You don’t even need to believe in the devil and the supernatural or a race of giants to see this – it’s staring you in the face. There is some sort of power – even ‘Masonic’ does not cover it adequately – and this is what runs things. If what I’ve seen, read and heard is even partly so, then it’s a pretty interlocked thing which can’t be trumped, especially as the people as a whole can’t even 1. accept that this is so and 2. combine enough to find these people and 3. even if they did, what could they then do?

As Svali said, these people do make errors, one or more heads of the hydra are cut off and life moves on. In my long novel, I fictionalized the thing this way – ex Prime Minister, ousted in a putsch and having now fled, speaking to his aides:

‘Legitimacy, Hugh, what’s your definition of a legitimate government? The Cartel has labelled us insurgents. How vital is it that we get back there and represent the people? People see us pollies as self serving, elitist toadies – the ruling status quo.’

Another classic from the PM which raised eyebrows all round.

‘People in our country, as you well know, are basically apolitical. As long as you don’t touch their beer or weekly football or if you hand them the occasional mini-windfall, that’s all that matters. So, there’s now been a reshuffle in the pack at the top. Most people will yawn and think, ‘Let’s see how this lot goes.’ ’

‘More than a reshuffle, sir,’ observed Hugh, dryly.

‘Is it Hugh? Is it? I believe it is more but I’m biased – I’m the one who stands to be the leader.’

‘The leader also serves.’

‘You’re certainly feeding me the right lines this evening. I do believe it, Hugh, I do believe I was doing a job for the good of the country. Yes, there are the cars, the yachts at the marina, yes, I loved all those things, but in the end, they’re peripheral, they’re the reward at the end of the day’s work. We do line our pockets and secure our family’s future and who doesn’t take the opportunities presented to him?’

‘There is the question of principle, you know.’

‘Ah, principle. Yes, good old principle. There are certainly things most of us wouldn’t countenance but then there’s something else darker at work, Hugh. Let me replenish our drinks – would you then hear me out?’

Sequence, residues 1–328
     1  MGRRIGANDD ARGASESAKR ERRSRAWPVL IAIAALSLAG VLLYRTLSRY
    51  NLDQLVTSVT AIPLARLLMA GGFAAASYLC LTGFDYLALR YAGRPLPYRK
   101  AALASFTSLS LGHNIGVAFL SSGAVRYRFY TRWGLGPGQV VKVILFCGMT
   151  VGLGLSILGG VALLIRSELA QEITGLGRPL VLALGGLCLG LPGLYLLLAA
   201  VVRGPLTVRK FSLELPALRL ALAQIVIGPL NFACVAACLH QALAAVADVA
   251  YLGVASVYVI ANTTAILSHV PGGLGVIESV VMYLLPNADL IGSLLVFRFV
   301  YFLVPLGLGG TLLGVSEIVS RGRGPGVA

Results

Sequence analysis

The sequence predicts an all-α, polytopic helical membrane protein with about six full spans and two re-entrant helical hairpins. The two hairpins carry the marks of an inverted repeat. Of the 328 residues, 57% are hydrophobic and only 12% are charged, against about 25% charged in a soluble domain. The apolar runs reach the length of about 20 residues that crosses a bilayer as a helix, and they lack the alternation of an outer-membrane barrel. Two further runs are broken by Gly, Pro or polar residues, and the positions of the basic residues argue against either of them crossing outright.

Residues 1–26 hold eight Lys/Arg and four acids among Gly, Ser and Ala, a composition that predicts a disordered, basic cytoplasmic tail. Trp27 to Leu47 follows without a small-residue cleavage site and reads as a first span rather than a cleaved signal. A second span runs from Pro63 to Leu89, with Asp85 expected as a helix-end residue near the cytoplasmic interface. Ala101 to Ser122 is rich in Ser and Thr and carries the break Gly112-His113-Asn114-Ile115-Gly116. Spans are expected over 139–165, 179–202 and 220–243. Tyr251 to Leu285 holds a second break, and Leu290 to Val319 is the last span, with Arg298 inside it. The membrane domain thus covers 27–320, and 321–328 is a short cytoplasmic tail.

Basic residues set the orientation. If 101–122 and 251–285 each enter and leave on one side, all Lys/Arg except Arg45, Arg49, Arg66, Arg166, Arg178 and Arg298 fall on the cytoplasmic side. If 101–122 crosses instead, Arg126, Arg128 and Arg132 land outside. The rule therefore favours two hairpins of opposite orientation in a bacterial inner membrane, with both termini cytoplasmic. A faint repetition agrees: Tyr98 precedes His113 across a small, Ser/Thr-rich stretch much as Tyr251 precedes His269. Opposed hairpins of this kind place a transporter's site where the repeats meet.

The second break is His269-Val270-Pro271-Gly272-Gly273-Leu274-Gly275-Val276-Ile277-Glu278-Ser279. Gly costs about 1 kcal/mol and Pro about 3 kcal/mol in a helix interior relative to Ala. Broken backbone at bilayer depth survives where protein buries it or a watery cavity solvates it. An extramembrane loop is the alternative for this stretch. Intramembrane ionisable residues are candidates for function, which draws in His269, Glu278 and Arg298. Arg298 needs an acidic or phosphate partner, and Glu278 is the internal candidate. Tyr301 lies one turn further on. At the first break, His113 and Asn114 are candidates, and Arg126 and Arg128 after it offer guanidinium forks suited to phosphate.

‘Yes, of course.’

The Prime Minister brought the drinks, settled back and said, ‘The Club is dark, Hugh.’

You start aspiring for political office because you see the glamour of it, as well as the chance to serve. It’s vibrant, flying into parliament, returning to the constituency, people calling you Minister, taking Sunday morning off and walking with your dog in the forest, putting in a couple of hours swimming.

You have the best wines at home. Your wife is seduced by it all, possibly more so than you are. She’s a good woman but, like Eve, can be led down the path of excess.

Then start the rationalizations for what you do. Like a drug, you can’t give it up. It consumes you. Imagine how many ordinary people are in this situation, Hugh? They can’t give up their habits.

The young bespectacled man with his death games, the middle-aged, balding man, in the wee hours, with his internet images of young girls, the all-consuming shopping mentality – if it shines, if it glitters, if it treats you like a VIP, it seduces.

Where does it all come from? You join the Cartel, look at them – mild mannered, besuited, bespectacled men, fine men on the surface. But you see the empty look in their eyes, the arrogant nonchalance when speaking of the common herd and how they react to a half point increase in interest rates.

Then you start to believe your own rhetoric and it’s fed back to you, at all levels, by the sycophants and by those more sinister, that you are doing vital work for the country, which the ‘little people’ can’t hope to understand, not having all the facts at their fingertips.

The perks are no more than your rightful due. You are the elite, you are more than human; you are almost the master race, certainly the master class. You’re in a lofty world there, Hugh and it’s divorced from the common herd; it’s divorced from the real world. You lose your grip on humanizing constraints. You can do anything and nobody dare oppose you.

And it’s treacherous, even for you. You can’t show the least sign of rebellion against this madness. Eyes stalk constantly for signs of backsliding. They report. To whom do they report?